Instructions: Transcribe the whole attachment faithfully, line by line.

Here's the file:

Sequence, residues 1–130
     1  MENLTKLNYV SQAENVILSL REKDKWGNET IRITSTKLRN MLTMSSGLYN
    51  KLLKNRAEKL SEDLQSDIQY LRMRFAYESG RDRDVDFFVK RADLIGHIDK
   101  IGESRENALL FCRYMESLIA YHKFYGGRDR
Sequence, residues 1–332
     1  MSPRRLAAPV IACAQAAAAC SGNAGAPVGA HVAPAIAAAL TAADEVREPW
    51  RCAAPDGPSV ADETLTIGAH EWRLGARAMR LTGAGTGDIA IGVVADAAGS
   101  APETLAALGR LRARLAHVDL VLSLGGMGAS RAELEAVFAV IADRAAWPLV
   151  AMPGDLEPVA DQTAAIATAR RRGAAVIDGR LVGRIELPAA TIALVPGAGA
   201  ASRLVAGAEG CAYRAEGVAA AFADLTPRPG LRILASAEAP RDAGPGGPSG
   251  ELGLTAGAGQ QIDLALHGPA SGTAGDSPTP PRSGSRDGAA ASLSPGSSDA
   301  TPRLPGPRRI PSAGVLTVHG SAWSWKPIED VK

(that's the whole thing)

Sequence, residues 1–130
     1  MENLTKLNYV SQAENVILSL REKDKWGNET IRITSTKLRN MLTMSSGLYN
    51  KLLKNRAEKL SEDLQSDIQY LRMRFAYESG RDRDVDFFVK RADLIGHIDK
   101  IGESRENALL FCRYMESLIA YHKFYGGRDR
Sequence, residues 1–332
     1  MSPRRLAAPV IACAQAAAAC SGNAGAPVGA HVAPAIAAAL TAADEVREPW
    51  RCAAPDGPSV ADETLTIGAH EWRLGARAMR LTGAGTGDIA IGVVADAAGS
   101  APETLAALGR LRARLAHVDL VLSLGGMGAS RAELEAVFAV IADRAAWPLV
   151  AMPGDLEPVA DQTAAIATAR RRGAAVIDGR LVGRIELPAA TIALVPGAGA
   201  ASRLVAGAEG CAYRAEGVAA AFADLTPRPG LRILASAEAP RDAGPGGPSG
   251  ELGLTAGAGQ QIDLALHGPA SGTAGDSPTP PRSGSRDGAA ASLSPGSSDA
   301  TPRLPGPRRI PSAGVLTVHG SAWSWKPIED VK